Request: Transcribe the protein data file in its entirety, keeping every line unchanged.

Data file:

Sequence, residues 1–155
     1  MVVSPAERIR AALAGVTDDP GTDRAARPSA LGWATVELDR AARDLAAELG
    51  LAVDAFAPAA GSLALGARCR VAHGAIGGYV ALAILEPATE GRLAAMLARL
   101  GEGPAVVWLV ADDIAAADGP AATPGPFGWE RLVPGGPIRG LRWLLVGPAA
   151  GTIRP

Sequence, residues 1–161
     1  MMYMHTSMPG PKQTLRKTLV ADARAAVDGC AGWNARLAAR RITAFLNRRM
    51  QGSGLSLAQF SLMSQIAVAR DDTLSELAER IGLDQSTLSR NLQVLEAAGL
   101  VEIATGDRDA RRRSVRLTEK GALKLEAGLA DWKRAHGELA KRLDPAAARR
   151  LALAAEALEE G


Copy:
Sequence, residues 1–155
     1  MVVSPAERIR AALAGVTDDP GTDRAARPSA LGWATVELDR AARDLAAELG
    51  LAVDAFAPAA GSLALGARCR VAHGAIGGYV ALAILEPATE GRLAAMLARL
   101  GEGPAVVWLV ADDIAAADGP AATPGPFGWE RLVPGGPIRG LRWLLVGPAA
   151  GTIRP

Sequence, residues 1–161
     1  MMYMHTSMPG PKQTLRKTLV ADARAAVDGC AGWNARLAAR RITAFLNRRM
    51  QGSGLSLAQF SLMSQIAVAR DDTLSELAER IGLDQSTLSR NLQVLEAAGL
   101  VEIATGDRDA RRRSVRLTEK GALKLEAGLA DWKRAHGELA KRLDPAAARR
   151  LALAAEALEE G